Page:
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Top 60 All-Time Greatest Blue Jays: #18 George Bell


George Antonio Bell | LF, DH | 1981, 1983-1990

George Bell was born October 21, 1959, in San Pedro de Macoris, Dominican Republic. His brother Juan Bell also made the majors and was a utility infielder for seven seasons for several different teams. He has two other brothers that played professional baseball. George was signed as an amateur free agent by the Phillies in 1978. The Blue Jays picked him up in the 1980 rule 5 draft, one of the best Rule 5 pickups ever.

Rule 5 draft pickups have to spend the season on the major league roster or get offered back their original team, so George played with the Jays in the strike-shortened 1981 season. He didn’t do terribly, though he was a little overmatched at the major league level; he got into 60 games and hit .233/.256/.350. Somehow, he got a couple of Rookie of the Year votes. The Yankees’ Dave Righetti won it that season.

George felt he had earned a spot on the Jays the next season, but the Jays didn’t and sent him off to Syracuse. He had a pretty tough year. Bell contracted mononucleosis in April and then wrecked his left knee in June. When he got back from he had his jaw broken by a pitch. Getting hit by that pitch might explain why he was overly sensitive to being hit by pitches (though I think I would be sensitive to being hit by pitches too). He was ejected many times for charging the mound. He started 1983 in the minors again, but they brought him up in July for good.

In 1984 Bell became a full-timer with us. He was part of a pretty complicated platoon system Bobby Cox used; against left-handed pitchers, Bell would play left field, and Jesse Barfield would play right; against right-handers, Bell would play right field, and Davey Collins would play left. As a young player Bell had a decent arm and ok range. Barfield had a much arm and Collins a terrible arm, so the rotation made sense. George played 159 games, hit .292/.326/.498, with 39 doubles and 26 homers, 87 RBI, and 11 steals. He received some MVP votes. He was 8th in the AL in total bases and 3rd in doubles.

After the season, Dave Collins was traded to Oakland to allow Bell, Moesby, and Barfield to play full time, and the best outfield in Jays’ history was born. They played together until Barfield the Jays traded Barfield early in the 1989 season. They were a great unit; all three were terrific offensive players and had good to great arms. Moesby and Barfield were good defensive players, Bell, far less so; he didn’t have much range as he aged, and his knees suffered from playing on the hard artificial surface in Toronto. He also made too many errors.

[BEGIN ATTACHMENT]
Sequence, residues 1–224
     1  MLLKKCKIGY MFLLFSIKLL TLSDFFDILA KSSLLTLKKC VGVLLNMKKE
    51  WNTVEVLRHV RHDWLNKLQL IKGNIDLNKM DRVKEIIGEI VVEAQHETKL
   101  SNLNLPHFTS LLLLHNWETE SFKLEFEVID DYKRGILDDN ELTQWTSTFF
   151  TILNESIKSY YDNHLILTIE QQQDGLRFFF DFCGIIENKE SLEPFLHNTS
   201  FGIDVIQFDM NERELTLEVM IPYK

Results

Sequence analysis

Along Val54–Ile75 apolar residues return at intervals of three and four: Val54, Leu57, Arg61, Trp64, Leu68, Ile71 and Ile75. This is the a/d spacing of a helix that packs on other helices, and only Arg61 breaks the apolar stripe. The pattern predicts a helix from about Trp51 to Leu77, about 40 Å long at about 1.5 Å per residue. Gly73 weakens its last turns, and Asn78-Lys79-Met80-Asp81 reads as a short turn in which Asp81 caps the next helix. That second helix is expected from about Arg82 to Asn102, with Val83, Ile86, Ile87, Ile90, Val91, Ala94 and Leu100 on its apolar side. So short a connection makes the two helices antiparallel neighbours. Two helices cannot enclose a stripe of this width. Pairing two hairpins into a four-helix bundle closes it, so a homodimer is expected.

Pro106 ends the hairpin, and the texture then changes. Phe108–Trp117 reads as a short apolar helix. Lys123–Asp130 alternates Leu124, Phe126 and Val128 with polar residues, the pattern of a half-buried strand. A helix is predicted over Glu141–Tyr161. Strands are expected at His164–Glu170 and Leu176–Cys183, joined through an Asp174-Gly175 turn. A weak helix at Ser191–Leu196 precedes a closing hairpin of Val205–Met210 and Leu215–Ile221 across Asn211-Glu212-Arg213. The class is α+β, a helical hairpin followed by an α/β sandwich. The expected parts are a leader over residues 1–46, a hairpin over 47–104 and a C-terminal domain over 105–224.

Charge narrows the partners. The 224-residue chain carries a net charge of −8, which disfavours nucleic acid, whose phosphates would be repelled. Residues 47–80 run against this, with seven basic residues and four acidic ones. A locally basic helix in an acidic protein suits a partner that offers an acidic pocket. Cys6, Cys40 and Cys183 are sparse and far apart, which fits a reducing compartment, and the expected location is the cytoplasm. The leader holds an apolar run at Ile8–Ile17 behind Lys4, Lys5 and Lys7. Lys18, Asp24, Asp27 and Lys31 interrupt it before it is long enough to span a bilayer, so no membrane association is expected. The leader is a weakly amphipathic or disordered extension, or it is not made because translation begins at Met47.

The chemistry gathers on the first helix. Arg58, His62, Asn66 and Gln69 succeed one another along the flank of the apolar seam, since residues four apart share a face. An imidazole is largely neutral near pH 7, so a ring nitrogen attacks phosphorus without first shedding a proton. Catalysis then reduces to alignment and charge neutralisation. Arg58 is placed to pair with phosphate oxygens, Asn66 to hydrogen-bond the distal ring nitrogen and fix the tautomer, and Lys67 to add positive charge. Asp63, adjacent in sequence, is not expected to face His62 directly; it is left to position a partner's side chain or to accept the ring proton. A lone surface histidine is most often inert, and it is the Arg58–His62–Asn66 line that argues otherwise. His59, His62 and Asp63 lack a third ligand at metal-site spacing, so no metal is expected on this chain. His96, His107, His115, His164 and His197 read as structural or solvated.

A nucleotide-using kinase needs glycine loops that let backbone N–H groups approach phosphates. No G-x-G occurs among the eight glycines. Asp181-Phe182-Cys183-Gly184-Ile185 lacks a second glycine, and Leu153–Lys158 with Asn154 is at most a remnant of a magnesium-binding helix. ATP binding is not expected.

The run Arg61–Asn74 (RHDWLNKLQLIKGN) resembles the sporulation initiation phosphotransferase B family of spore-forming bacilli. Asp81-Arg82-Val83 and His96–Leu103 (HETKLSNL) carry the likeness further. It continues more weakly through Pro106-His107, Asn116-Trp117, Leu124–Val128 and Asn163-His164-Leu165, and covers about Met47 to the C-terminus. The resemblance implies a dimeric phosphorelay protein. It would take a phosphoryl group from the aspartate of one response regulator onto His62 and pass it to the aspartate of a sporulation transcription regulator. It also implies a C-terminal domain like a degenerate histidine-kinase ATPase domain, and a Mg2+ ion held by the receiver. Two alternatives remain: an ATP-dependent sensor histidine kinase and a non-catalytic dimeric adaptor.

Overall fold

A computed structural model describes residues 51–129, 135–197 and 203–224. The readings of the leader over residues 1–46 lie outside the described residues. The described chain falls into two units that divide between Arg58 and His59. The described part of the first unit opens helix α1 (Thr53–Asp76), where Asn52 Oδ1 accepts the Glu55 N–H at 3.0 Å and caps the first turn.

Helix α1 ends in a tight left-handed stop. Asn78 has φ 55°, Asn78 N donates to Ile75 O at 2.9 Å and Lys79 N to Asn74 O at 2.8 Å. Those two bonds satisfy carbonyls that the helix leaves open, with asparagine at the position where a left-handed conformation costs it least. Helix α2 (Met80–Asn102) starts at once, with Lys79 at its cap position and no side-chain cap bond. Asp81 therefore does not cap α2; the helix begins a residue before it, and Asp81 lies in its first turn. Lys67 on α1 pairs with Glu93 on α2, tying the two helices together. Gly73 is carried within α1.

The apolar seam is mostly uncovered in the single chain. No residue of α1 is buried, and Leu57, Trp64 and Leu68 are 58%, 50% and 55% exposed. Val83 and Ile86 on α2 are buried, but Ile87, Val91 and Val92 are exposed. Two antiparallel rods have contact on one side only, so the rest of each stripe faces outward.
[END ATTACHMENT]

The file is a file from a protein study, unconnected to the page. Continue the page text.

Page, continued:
Bell had another excellent season in 1985, hitting .275/.327/.479, 28 homers, 95 RBI, and 21 stolen bases, the most in his career. Bell won the Silver Slugger award for batting and came in 8th in MVP voting, one spot behind Barfield. Don Mattingly won it. Jays made the postseason for the first time that year. Likely many remember Bell catching the last out in the game that clinched the AL East title and fell to his knees. Bell did ok in the seven-game series hitting .321, 9 hits, 3 doubles, no homers, but the Jays lost to the Royals.

Bell’s bat improved a little again in 1986. He hit .309/.349/.532, had 31 homers, 108 RBI, 101 runs, won the Silver Slugger award for the second time, and finished 4th in the MVP voting, this time one spot above Barfield in the voting. Everyone’s favorite player, Roger Clemens, won that year.

1987 was the big season for Bell. He hit .308/.352/.605, had 47 home runs (which was a team record until Jose Bautista hit 54 in 2010, 47 is still 2nd most in a season), 134 RBI (also a team record, until 2000 when Carlos Delgado topped it), and 111 runs. He again won the Silver Slugger award and made the All-Star team for the first time. And he won the MVP award, just beating out the Tigers Alan Trammell, the first league MVP from a Canadian team. The vote was a little controversial because that was the awful season that the Jays fell into a bad slump at the end of the year, losing their last eight games and the Tigers past them by at the finish to win the AL East. Those last eight games were a train wreck; Bell hit just .111 in those games, but then the only Jay to hit much over that period was Lloyd Moesby.